A Ferrari SUV…Really?
Adam Merlin, December 15, 2017
Dost mine ears deceive me? A Ferrari utility vehicle…could it be true? According to Sergio Marchionne, Chairman and CEO of Ferrari (among other manufacturers), the production of a Ferrari SUV–or “FUV,” as he calls it–is indeed, happening.
After Marchionne alluded to reporters at the New York Stock Exchange that a Ferrari SUV is most likely on the horizon, Ferrari lovers and enthusiasts everywhere, were shocked. For months, if not years, Ferrari has denied even the possibility that the brand would cross over and make a sport utility vehicle. Understandably so, since the idea of a four-door Ferrari in general seems perposterous, but an SUV? That is downright blasphemy to some. The closest Ferrari has come to deviating from its race-track roots is the GTC4 Lusso (formerly the FF), wagon-like in structure, but even that is still just 2-doors. Porsche and Maserati have taken the plunge into the SUV market, and have been followed by exotic competitors, Rolls-Royce, Bentley, Aston Martin, even Lamborghini. Ferrari seems to be the only notable SUV holdout in the luxury market, but that may not be the case anymore.
We can’t help but wonder…
What does this mean for the Ferrari brand? The profit margins on SUVs are high, there is no doubt about that, but is it worth it? What will this do to the pre-owned Ferrari market? What will this do to Ferrari’s most loyal followers? Ferraris already are among the most expensive cars on the exotic market, let alone in the world…is it really worth capitalizing on a financial opportunity in an effort to gain, when there could be so much more to lose? To many purists, an SUV, the ultimate sell-out move, will ultimately cheapen the Ferrari name. Are they right? And finally, what would Enzo Ferrari think of this? Some, if not most, believe that the company’s founder is no doubt spinning in his grave at the very thought of introducing an SUV and bowing to market pressure.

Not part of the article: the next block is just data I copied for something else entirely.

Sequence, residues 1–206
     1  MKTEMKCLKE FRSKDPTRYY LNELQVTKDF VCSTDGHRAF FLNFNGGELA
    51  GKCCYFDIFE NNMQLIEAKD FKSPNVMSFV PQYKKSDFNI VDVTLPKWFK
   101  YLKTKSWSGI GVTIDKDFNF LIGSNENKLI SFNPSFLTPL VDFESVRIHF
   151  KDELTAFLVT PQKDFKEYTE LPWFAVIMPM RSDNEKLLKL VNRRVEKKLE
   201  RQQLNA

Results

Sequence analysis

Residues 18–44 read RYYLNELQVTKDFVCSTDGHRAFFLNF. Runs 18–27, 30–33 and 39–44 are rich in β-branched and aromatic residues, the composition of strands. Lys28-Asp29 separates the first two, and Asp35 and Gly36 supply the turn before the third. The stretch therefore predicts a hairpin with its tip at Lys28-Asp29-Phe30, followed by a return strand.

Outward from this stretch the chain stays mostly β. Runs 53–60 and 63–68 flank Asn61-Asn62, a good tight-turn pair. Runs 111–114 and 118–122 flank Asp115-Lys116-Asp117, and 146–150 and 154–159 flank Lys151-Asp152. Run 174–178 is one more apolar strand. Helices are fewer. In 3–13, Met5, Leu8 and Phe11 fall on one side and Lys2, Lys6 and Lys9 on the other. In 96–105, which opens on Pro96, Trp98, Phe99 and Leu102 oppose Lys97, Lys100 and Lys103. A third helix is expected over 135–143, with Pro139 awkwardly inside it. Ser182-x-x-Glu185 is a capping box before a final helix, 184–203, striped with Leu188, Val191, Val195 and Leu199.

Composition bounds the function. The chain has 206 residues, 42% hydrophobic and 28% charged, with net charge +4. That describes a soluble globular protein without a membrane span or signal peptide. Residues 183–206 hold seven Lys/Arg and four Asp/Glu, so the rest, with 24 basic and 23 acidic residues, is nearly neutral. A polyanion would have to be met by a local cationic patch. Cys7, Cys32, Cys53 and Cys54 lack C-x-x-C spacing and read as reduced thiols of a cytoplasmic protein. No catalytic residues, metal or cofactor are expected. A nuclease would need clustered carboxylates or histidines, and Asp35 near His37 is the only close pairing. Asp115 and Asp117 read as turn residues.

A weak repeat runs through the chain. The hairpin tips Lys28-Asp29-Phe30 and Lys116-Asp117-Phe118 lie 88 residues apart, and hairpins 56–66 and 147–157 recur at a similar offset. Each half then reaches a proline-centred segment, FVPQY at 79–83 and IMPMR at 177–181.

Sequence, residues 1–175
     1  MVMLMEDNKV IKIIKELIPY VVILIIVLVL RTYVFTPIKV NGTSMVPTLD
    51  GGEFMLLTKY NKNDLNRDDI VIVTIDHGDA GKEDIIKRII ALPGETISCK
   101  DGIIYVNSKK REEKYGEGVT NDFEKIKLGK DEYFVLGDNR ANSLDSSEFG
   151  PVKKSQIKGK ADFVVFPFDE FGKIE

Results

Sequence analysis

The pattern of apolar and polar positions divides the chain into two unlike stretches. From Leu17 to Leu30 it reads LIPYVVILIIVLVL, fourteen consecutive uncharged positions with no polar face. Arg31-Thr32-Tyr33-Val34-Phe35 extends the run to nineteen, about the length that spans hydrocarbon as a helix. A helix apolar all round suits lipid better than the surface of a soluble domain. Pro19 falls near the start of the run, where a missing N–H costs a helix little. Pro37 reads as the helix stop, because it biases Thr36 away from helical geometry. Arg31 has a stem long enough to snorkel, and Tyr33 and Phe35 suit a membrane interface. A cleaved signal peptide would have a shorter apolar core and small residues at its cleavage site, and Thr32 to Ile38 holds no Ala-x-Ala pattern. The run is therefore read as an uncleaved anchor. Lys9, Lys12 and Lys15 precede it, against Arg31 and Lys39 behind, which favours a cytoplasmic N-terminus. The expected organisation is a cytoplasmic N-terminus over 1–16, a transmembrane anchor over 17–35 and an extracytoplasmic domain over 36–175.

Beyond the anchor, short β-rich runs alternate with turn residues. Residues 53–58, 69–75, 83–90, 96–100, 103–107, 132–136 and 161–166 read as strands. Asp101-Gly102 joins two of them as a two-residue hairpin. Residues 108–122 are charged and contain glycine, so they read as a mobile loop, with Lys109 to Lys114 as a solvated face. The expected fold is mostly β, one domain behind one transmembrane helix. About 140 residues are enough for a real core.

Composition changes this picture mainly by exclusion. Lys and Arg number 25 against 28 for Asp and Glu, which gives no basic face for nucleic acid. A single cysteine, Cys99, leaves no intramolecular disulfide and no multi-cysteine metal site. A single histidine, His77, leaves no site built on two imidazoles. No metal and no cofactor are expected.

We discussed last week how over-production in the car market can diminish a brand’s value. If Ferrari continues to ramp up production and create models that stray from Enzo’s initial vision, this could happen to them, too. Ferrari’s long-held strategy of limiting volume, even at the expense of profits, seems to be shifting under the reigns of Marchionne. During his appearance at the NYSE, Ferrari’s CEO explained, “We need to learn how to master this whole new relationship between exclusivity and scarcity of product…Then we’re going to balance this desire to grow with a widening of the product portfolio.” So, we can’t really get mad at anyone for wanting to grow, expand, and make more money. As Ferrari enthusiasts, however, we can kick and scream about it in the meantime. On the bright side, older Ferraris out there on the market continue to rise in value, as the exclusivity of models like Ferrari 308s and 355s remain in tact. As far as the increased production goes, our best advice is hold on for dear life.